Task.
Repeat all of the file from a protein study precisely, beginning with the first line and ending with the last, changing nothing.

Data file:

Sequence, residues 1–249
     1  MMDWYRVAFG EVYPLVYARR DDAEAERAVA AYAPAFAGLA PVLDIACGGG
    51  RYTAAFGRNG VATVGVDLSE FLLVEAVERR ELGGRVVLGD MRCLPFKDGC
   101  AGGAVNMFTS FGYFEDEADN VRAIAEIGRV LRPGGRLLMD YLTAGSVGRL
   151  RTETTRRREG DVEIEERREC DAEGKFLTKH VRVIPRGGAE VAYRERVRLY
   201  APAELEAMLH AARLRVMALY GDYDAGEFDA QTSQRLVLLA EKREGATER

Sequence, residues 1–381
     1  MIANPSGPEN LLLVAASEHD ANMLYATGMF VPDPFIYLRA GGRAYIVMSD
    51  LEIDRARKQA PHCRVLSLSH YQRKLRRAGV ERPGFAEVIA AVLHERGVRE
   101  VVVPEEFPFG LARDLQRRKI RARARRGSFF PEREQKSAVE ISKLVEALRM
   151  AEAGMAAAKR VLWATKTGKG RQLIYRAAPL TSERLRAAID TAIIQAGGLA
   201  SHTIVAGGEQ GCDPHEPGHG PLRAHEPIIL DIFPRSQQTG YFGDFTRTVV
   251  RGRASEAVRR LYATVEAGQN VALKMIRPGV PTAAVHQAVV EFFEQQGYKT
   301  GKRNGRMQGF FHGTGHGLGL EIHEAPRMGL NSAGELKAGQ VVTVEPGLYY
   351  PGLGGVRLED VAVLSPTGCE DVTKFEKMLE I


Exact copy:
Sequence, residues 1–249
     1  MMDWYRVAFG EVYPLVYARR DDAEAERAVA AYAPAFAGLA PVLDIACGGG
    51  RYTAAFGRNG VATVGVDLSE FLLVEAVERR ELGGRVVLGD MRCLPFKDGC
   101  AGGAVNMFTS FGYFEDEADN VRAIAEIGRV LRPGGRLLMD YLTAGSVGRL
   151  RTETTRRREG DVEIEERREC DAEGKFLTKH VRVIPRGGAE VAYRERVRLY
   201  APAELEAMLH AARLRVMALY GDYDAGEFDA QTSQRLVLLA EKREGATER

Sequence, residues 1–381
     1  MIANPSGPEN LLLVAASEHD ANMLYATGMF VPDPFIYLRA GGRAYIVMSD
    51  LEIDRARKQA PHCRVLSLSH YQRKLRRAGV ERPGFAEVIA AVLHERGVRE
   101  VVVPEEFPFG LARDLQRRKI RARARRGSFF PEREQKSAVE ISKLVEALRM
   151  AEAGMAAAKR VLWATKTGKG RQLIYRAAPL TSERLRAAID TAIIQAGGLA
   201  SHTIVAGGEQ GCDPHEPGHG PLRAHEPIIL DIFPRSQQTG YFGDFTRTVV
   251  RGRASEAVRR LYATVEAGQN VALKMIRPGV PTAAVHQAVV EFFEQQGYKT
   301  GKRNGRMQGF FHGTGHGLGL EIHEAPRMGL NSAGELKAGQ VVTVEPGLYY
   351  PGLGGVRLED VAVLSPTGCE DVTKFEKMLE I